- The Servants Hall call cafe in the courtyard also sells a large variety of snacks, delicious cakes and lunches.
- There is also a kiosk at the car park serving hot drinks and snacks.
- Throughout the grounds, you’ll also find picnic benches and lots of grassy places to lay a blanket and enjoy a picnic.
Hall Shop: Filled with gifts, souvenirs and other items including beautiful scarves and bags, books, Pride and Prejudice trinkets and everything for the kitchen. There are lots of edible treats too, from jams and biscuits to fruit wines and local beers.
Timber Yard shop: The place to go for all your outdoor needs. They stock lots of kids’ toys and adventure kits to inspire young visitors to start exploring Lyme and beyond, including bug boxes, fishing nets and binoculars. You’ll also find a range of plants, outdoor decorations and gardening tools to peruse.
Pre-loved book shop: Find a hidden gem in this quaint little second hold book shop.
There are toilet facilities including one accessible available either at Timber Yard or at Lyme House.
Things To Do At Lyme Hall Park:
Explore The House:
You enter the house via the main entrance in the courtyard. As you enter the grand entrance hall you will be asked to listen to a short video about the history of the house and estate. Once finished you are then free to wander around the house at your own pace.
Inside the house, you find many wonderful rooms all decorated as they would have been in the 1800s. Some of my favourites include the dining room with its stunning views across the formal gardens and the drawing room which dates back to around 1580.
Don’t forget to look up as well, some of the ceilings are stunning!
The Caxton Missal:
The Caxton Missal is the earliest known printed book that bears the stamp of William Caxton, the father of British printing. It was printed in Paris in 1487 and is unique in having belonged to one family for over five centuries and represents the changing religious views of the country during that period.
Although you can not touch the Missal, you can turn its pages thanks to a digital touch screen version, as well as listen to the pages as they would have been sung 500 years ago!
You will find the Caxton Missal in the newly restored Library.
Take A Walk Through The Formal Gardens:
This 17-acre garden holds a beautiful lake, woodland and a variety of smaller gardens which include The Stables and The Orangery. You will find a multitude of formal flower beds, herbaceous borders, rose gardens and rolling lawns.
Originally these gardens started life as an Elizabethan Knot garden and then gradually grew into the beautiful pleasure grounds you see today.
Over 25,000 bulbs flower every spring as well as gorgeous summer blooms which may still be seen in October on the east terrace and Italian garden.
Autumn is also a beautiful time to visit Lyme Hall and Gardens, yes the blooms may have gone but the beautiful autumn colours showcase the gardens in a completely different light!
Take A Walk To The Cage:
The Cage is usually the first landmark people see as they approach Lyme Hall and Gardens. This unique building sits on top of Cage Hill and was originally built by the warrior priest, Sir Piers V in 1524.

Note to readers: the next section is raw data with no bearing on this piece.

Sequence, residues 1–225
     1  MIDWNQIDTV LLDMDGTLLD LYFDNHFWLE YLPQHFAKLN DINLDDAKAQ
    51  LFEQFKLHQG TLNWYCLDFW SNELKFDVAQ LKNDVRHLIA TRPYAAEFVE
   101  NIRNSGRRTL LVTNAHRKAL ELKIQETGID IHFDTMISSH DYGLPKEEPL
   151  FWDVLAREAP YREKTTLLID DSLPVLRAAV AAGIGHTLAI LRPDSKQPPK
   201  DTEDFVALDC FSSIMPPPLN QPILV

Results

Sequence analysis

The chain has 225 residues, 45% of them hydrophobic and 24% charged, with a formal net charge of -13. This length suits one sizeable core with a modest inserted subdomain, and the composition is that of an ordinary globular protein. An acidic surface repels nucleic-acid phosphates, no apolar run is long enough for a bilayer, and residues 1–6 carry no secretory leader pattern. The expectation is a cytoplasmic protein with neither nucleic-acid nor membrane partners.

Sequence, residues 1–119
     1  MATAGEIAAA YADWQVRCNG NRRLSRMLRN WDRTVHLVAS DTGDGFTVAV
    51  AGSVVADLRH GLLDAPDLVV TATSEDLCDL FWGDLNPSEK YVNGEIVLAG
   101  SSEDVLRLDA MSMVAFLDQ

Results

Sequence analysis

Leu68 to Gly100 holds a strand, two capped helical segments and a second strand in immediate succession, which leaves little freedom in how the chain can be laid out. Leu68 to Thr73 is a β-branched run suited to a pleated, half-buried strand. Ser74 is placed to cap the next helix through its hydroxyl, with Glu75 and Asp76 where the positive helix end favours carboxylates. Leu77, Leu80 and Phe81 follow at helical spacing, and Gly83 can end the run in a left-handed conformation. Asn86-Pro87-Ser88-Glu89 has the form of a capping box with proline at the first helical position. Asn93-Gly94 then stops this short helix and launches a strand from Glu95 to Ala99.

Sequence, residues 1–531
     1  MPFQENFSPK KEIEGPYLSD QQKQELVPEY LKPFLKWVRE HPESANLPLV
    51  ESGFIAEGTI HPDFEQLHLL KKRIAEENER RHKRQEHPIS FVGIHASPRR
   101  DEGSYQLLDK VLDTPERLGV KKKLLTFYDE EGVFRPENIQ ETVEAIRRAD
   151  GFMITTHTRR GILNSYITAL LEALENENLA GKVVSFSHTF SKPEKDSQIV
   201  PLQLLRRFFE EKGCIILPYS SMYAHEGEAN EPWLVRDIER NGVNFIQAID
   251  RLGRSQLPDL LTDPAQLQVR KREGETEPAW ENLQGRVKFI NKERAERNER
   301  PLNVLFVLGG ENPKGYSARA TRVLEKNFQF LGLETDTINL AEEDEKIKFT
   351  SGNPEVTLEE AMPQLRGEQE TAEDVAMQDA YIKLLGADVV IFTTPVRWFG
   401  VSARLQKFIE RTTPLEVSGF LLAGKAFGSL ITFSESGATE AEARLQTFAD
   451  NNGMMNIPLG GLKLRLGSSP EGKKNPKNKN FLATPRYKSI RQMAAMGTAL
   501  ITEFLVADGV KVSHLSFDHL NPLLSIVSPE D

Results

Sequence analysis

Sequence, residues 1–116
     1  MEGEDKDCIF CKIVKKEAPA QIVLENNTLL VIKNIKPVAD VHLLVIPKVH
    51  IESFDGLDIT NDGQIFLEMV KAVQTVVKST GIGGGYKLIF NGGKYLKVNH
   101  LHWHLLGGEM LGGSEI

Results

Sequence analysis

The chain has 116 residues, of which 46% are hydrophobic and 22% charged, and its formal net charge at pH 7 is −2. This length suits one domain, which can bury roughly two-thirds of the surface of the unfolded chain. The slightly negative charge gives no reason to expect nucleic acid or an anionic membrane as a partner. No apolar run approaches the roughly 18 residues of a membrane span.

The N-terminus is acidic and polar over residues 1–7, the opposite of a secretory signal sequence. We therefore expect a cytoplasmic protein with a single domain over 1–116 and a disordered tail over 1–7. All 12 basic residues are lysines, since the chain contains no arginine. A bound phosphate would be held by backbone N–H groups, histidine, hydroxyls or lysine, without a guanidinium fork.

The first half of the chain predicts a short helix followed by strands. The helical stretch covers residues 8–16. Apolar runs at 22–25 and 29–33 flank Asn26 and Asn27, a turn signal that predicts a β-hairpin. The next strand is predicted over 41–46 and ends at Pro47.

It is thought that The Cage was used as a hunting lodge or watch tower, however, it was reported that it was also used as a holding prison for poachers awaiting trial in the 17th Century.
The Cage was rebuilt in the 1700’s making it more hospitable and later became the home to estate workers.
The walk out to the cage can be a bit of a challenge, especially on windy days, however, the views from the top are spectacular! You can see right across Manchester and The Peak District on a clear day.
The Cage is usually shut for visitors but occasionally it is opened to the public. Dates can be found on the website.
Check Out The Deer Park:
Lyme Hall and Gardens has a long hunting history and the red deer you see in the park today are part of the ancient heard.
The deer roam freely around the park, however, they usually stay within the deer sanctuary where visitors are not allowed. Occasionally you will find them roaming around other parts of the grounds. If you do come across them though make sure you give them space and take care not to spook them out. Hinds have been known to lose their calves when feeling stressed so please treat them with respect.
From April to late autumn you will also find Highland Cattle within the park. The best places to spot them are Park Moor, Close Hay, Turfhouse Meadow and around Paddock Cottage.
Other Places To Visit Nearby:
Dunham Massey – Another beautiful country house where the deer are as friendly as the staff!
Tatton Park – Tatton Park is one of my favourite country houses in Cheshire. Explore this beautiful house, its 50 acres of gardens, deer park and animal farm. It really does make a great day out!
Quarry Bank Mill – Learn about the history of one of the best-preserved textile factories of the Industrial Revolution.
Lyme Hall Park is worth a visit! With beautiful scenery, interesting historical features and tons of things to do, it’s the perfect place to spend a day (or afternoon) exploring. So, what are you waiting for? Pack your picnic basket and head on over to Lyme Hall Park!
Thanks so much for stopping by, I appreciate every one of you who takes the time to read and make it to the end! I have lots of exciting new content coming in the next few weeks so make sure you pop back to catch up!